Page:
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Original Issue


Marshall Shirk, UCLA's aggressive tackle, likes few things better than a rough ball game. He and hundreds of other players, most of them Californians, are reason enough why West Coast football should be better than it has been in years

There is a new, reassuring vigor in West Coast football. The recent crazy, mixed-up era of scandal and dislocation seems to be at an end, and the West, which for so long seemed suicidally bent on handing its college football audience to the pros, has begun to reassert its leadership in a region which obviously could use some.

The revival, of course, can be attributed at least in part to the University of Washington's two marvelous victories in the Rose Bowl the last two years over supposedly superior Big Ten teams. But the heart of the matter can very likely be found in California, where the high schools and the proliferating junior colleges have been producing genuinely good players at so rapid a rate that there aren't colleges enough in California to contain them. Coach Johnny Ralston of Utah State, for instance, has 26 California boys on his roster; Coach Ray Nagel at Utah has 30. Washington and Washington State depend heavily on Californians, but no out-of-state school does more than Oregon, which has 35.

If the exodus of players has had a debilitating effect on California college football, it is not immediately apparent. If anything, the big four—USC, UCLA, Stanford and Cal—will be stronger generally than they were a year ago. The strongest, however, and the school climbing fastest just now is UCLA. Rid at last of the gloom that settled smoglike upon its palms and red-roofed Spanish buildings at the death in 1958 of Red Sanders, UCLA has all the players it needs to justify its present cool confidence. It has, in particular, the large, powerful and dedicated Marshall Shirk, pictured below, who, as a tackle, does everything on a football field but what his last name implies. Like so many things Californian, Shirk, at 230 pounds, is a little larger than the national median. His idol is Sam Huff, the shrewd, seismic linebacker of the New York Giants professional team, whom he somewhat resembles.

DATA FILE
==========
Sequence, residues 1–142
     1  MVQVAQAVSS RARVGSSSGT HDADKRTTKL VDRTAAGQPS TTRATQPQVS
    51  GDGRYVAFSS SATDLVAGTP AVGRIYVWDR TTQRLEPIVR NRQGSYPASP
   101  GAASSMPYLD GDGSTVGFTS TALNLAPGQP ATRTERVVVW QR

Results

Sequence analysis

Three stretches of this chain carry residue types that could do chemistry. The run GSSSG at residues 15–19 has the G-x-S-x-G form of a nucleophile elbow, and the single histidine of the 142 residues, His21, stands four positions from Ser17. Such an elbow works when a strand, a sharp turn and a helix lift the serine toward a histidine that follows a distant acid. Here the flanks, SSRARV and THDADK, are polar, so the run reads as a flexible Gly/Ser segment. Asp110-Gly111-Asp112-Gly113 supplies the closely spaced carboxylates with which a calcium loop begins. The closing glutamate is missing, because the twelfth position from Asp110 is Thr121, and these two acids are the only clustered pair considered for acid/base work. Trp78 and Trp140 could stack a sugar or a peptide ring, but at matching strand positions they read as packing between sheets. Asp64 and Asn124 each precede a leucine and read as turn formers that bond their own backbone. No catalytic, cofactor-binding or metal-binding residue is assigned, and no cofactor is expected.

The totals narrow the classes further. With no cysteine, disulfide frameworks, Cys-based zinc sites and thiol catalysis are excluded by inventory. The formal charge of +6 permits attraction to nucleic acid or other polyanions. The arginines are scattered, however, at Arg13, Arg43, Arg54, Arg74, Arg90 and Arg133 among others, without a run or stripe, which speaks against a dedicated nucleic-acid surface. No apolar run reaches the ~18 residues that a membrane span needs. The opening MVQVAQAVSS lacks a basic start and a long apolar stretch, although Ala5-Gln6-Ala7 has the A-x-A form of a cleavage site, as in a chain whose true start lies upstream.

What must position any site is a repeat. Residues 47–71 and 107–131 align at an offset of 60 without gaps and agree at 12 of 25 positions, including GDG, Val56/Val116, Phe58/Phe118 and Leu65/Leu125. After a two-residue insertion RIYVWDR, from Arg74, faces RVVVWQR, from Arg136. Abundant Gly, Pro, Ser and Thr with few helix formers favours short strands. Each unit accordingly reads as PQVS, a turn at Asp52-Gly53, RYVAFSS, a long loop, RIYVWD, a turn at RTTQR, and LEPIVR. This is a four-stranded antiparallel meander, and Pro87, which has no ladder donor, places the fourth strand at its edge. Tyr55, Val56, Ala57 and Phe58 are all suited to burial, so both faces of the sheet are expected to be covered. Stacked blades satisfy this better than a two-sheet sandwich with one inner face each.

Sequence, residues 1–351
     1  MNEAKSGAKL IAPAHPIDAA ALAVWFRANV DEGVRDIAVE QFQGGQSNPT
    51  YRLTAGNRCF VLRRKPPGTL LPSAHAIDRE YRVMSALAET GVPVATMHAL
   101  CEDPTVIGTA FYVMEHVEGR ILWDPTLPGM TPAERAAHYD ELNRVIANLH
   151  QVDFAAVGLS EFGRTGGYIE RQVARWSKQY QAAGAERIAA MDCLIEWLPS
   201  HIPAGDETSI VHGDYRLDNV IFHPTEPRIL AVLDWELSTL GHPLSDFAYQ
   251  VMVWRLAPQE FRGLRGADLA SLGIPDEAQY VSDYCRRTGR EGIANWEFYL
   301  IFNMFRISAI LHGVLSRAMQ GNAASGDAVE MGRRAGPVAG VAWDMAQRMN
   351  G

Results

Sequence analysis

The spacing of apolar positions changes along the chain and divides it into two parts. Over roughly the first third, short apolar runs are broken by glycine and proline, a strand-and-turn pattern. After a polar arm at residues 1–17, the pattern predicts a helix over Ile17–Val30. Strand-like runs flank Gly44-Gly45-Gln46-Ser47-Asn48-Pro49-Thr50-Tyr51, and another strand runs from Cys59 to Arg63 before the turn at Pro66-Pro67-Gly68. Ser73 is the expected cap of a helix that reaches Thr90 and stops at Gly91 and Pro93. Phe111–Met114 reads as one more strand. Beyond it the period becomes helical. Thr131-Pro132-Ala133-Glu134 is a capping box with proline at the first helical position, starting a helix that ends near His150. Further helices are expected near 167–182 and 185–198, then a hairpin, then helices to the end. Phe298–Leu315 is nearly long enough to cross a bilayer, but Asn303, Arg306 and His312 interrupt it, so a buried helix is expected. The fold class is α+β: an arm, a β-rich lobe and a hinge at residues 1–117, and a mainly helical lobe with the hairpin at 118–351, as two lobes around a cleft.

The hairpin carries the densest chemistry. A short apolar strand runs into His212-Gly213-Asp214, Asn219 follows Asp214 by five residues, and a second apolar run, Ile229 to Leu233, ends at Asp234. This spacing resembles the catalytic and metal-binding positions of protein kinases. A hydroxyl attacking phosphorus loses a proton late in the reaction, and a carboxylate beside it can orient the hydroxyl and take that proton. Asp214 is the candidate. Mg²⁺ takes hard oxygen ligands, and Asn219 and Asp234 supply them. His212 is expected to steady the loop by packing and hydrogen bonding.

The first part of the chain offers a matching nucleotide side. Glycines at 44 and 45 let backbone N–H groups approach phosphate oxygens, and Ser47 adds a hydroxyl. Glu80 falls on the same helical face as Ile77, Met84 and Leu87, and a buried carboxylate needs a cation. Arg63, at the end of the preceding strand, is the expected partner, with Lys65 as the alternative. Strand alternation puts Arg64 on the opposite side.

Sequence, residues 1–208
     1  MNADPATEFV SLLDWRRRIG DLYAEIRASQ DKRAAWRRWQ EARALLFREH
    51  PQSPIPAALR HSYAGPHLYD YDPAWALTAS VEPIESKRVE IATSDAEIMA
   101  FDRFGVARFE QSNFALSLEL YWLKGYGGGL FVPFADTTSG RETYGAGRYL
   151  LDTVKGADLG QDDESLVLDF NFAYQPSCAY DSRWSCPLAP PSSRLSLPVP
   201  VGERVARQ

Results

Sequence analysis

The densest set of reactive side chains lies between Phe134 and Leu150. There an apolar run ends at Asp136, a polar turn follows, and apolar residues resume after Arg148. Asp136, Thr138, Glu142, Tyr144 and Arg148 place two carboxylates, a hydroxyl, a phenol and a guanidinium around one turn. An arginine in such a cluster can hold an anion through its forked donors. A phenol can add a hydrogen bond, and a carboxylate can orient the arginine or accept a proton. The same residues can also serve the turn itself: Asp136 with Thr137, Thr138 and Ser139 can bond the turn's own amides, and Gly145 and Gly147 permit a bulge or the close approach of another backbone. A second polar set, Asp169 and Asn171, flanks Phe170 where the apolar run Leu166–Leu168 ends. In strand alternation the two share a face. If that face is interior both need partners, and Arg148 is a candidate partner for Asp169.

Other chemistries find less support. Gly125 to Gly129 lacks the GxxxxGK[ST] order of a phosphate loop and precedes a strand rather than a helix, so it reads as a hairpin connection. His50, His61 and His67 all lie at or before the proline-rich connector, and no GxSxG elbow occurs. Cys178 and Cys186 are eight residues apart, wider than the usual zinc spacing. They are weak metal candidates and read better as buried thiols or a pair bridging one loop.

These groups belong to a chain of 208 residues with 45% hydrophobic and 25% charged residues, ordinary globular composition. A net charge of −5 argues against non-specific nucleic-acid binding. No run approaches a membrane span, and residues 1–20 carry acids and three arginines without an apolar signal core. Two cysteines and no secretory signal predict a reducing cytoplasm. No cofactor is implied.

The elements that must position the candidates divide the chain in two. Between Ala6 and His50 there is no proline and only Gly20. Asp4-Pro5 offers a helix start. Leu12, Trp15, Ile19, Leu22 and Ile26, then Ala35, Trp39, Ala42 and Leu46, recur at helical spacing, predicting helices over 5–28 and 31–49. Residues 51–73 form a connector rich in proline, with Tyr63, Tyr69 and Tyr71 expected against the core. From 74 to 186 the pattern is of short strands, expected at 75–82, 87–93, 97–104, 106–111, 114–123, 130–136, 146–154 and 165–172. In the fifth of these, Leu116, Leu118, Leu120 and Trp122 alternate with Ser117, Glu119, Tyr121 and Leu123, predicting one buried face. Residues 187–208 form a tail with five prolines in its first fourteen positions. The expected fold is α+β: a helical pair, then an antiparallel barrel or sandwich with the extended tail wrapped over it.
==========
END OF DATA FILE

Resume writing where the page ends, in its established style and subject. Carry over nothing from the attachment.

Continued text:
Shirk leaves the subtleties of football to others. It is his aggressiveness and his passion for blocking and tackling, in fact, that make him the superb lineman he is. If he has a fault, it is that he is overaggressive. UCLA Coach Billy Barnes would like to cure him of leaving his feet when he throws an open-field block, and of steaming in at a passer with all the flexibility of a locomotive, but not at the expense of banking the flames of Shirk's competitive heart.

A rough admirer

Young Shirk greatly admires opponents who give as good as they get. He likes to recall a Pitt-UCLA game in which he and a teammate whipsawed the Pitt quarterback as the half ended.